Appellant now raises sixteen issues for review, each of which has several sub-issues.*fn4 Our review of a PCRA court's decision is limited to examining whether the PCRA court's findings of fact are supported by the record, and whether its conclusions of law are free from legal error. Commonwealth v. Colavita, 993 A.2d 874, 886 (Pa. 2010). The scope of review is limited to the findings of the PCRA court and the evidence of record, viewed in the light most favorable to the prevailing party at the trial level. Id.

Under Pennsylvania Rule of Criminal Procedure 909, which governs PCRA petitions in capital cases, the PCRA court has the discretion to dismiss a petition without a hearing when the court is satisfied "that there are no genuine issues concerning any material fact, the defendant is not entitled to post-conviction collateral relief, and no legitimate purpose would be served by any further proceedings." Pa.R.Crim.P. 909(B)(2). "[T]o obtain reversal of a PCRA court's decision to dismiss a petition without a hearing, an appellant must show that he raised a genuine issue of fact which, if resolved in his favor, would have entitled him to relief, or that the court otherwise abused its discretion in denying a hearing." Commonwealth v. D'Amato, 856 A.2d 806, 820 (Pa. 2004).

In order to be eligible for PCRA relief, Appellant must prove by a preponderance of the evidence that his conviction or sentence resulted from one or more of the enumerated circumstances found at 42 Pa.C.S. § 9543(a)(2)(setting forth the eligibility requirements of the PCRA). Further, Appellant must demonstrate that the issues raised in his PCRA petition have not been previously litigated or waived. Id. § 9543(a)(3). An issue has been previously litigated if "the highest appellate court in which the petitioner could have had review as a matter of right has ruled on the merits of the issue." Id. § 9544(a)(2). A PCRA claim is waived "if the petitioner could have raised it but failed to do so before trial, at trial, during unitary review, on appeal or in a prior state post[-]conviction proceeding." Id. § 9544(b).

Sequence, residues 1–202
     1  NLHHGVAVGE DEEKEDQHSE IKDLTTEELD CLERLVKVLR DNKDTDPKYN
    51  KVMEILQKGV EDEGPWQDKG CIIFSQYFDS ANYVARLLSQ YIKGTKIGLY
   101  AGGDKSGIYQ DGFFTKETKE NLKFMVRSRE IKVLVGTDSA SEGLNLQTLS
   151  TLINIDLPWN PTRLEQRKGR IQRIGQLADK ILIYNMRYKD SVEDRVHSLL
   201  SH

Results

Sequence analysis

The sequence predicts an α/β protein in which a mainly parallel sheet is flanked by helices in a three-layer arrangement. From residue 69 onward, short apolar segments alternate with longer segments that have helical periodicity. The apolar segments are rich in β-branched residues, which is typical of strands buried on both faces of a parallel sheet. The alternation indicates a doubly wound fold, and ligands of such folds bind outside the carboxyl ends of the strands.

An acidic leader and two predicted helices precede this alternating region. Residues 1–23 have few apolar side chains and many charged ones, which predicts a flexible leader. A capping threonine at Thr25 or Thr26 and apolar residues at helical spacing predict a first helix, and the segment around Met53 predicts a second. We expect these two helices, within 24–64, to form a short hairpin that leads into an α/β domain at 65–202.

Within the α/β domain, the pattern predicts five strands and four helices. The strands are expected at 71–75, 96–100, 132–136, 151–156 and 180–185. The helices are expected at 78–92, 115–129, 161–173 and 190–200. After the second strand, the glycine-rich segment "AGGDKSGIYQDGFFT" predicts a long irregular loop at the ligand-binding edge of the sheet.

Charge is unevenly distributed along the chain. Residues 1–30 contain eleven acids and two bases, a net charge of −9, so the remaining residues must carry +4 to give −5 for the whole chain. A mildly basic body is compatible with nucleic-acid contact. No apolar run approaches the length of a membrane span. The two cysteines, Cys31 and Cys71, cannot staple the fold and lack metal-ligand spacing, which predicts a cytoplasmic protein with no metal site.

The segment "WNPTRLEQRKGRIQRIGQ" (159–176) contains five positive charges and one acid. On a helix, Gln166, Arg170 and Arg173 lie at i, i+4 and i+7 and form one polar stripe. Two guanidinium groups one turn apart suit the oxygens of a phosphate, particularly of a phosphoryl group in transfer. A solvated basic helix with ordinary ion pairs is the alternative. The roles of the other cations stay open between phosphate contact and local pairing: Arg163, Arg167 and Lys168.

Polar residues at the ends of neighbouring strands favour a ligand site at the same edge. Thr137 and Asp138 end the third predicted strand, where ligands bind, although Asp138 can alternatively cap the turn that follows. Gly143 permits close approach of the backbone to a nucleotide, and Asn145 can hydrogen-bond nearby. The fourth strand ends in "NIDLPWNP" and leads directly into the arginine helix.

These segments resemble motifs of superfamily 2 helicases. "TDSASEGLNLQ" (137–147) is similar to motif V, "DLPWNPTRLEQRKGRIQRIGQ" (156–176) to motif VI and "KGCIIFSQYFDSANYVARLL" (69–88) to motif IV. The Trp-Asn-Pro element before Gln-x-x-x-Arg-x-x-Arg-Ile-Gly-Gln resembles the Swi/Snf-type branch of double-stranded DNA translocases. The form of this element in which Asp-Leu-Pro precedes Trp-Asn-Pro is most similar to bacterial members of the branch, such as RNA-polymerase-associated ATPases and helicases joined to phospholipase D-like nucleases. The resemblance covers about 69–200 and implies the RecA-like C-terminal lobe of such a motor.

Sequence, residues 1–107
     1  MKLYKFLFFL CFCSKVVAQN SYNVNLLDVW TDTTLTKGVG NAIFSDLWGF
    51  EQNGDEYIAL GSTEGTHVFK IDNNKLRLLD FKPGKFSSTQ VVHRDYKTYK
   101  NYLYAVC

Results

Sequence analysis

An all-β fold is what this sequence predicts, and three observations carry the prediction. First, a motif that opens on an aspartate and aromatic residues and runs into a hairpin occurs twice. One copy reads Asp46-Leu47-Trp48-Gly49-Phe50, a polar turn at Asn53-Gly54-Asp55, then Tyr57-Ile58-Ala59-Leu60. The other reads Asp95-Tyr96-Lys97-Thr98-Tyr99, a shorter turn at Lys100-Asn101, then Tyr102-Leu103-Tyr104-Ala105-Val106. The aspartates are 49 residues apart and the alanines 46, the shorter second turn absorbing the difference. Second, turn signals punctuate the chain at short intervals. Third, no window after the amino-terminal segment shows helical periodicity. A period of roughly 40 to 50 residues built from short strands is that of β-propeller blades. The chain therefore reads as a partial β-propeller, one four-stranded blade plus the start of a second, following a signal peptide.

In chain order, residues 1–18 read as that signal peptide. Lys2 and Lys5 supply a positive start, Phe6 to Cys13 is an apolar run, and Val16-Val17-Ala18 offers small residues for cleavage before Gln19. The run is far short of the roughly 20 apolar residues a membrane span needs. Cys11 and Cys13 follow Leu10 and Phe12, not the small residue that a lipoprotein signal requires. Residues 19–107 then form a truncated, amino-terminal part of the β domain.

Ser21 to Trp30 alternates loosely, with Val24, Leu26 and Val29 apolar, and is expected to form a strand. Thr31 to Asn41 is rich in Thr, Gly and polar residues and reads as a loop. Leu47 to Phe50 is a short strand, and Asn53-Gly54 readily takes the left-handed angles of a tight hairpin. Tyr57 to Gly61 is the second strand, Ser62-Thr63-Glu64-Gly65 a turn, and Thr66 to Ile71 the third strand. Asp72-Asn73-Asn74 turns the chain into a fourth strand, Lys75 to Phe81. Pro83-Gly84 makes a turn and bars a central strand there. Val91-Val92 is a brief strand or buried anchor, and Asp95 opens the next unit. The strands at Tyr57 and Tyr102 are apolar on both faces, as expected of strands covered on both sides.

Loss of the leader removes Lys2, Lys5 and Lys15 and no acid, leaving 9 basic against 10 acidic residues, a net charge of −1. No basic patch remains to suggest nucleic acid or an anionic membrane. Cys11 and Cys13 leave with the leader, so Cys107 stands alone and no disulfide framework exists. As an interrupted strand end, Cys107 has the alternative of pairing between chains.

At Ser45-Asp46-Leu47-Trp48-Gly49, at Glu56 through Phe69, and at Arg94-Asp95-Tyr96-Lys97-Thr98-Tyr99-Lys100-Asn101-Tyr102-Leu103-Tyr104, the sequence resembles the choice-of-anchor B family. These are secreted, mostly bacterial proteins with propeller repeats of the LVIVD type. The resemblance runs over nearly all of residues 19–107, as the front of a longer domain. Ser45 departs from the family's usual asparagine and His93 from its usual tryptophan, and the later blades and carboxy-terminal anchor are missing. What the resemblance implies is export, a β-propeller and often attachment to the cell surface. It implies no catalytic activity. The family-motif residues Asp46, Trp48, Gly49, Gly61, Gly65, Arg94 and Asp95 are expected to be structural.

The majority of Appellant's claims challenge the performance of counsel. It is well-established that counsel is presumed effective, and the defendant bears the burden of proving ineffectiveness. Commonwealth v. Cooper, 941 A.2d 655, 664 (Pa. 2007). To overcome this presumption, Appellant must demonstrate that: (1) the underlying substantive claim has arguable merit; (2) counsel whose effectiveness is being challenged did not have a reasonable basis for his or her actions or failure to act; and (3) the defendant suffered prejudice as a result of counsel's deficient performance. Commonwealth v. Pierce, 786 A.2d 203, 213 (Pa. 2001). A claim of ineffectiveness will be denied if the defendant's evidence fails to meet any one of these prongs. Id. at 221-22.*fn5

With regard to the reasonable basis prong, "we do not question whether there were other more logical courses of action which counsel could have pursued; rather, we must examine whether counsel's decisions had any reasonable basis." Commonwealth v. Washington, 927 A.2d 586, 594 (Pa. 2007). We will conclude that counsel's chosen strategy lacked a reasonable basis only if Appellant proves that "an alternative not chosen offered a potential for success substantially greater than the course actually pursued." Commonwealth v. Williams, 899 A.2d 1060, 1064 (Pa. 2006) (citation omitted). To establish the prejudice prong, the petitioner must show that there is a reasonable probability that the outcome of the proceedings would have been different but for counsel's ineffectiveness. Commonwealth v. Dennis, 950 A.2d 945, 954 (Pa. 2008).

In Commonwealth v. Grant, 813 A.2d 726 (Pa. 2002), which was decided before Appellant's direct appeal was filed,*fn6 this Court abrogated the rule that ineffectiveness claims based on trial counsel's performance must be raised at the first opportunity where a defendant has new counsel, see Commonwealth v. Hubbard, 372 A.2d 687, 695 n.6 (Pa. 1977), and held that a defendant "should wait to raise claims of ineffective assistance of trial counsel until collateral review." Grant, 813 A.2d at 738. Thus, Appellant's first opportunity to challenge trial counsel's effectiveness was in his PCRA petition, and he need not address appellate counsel's performance in order to preserve the underlying claim of trial counsel ineffectiveness.*fn7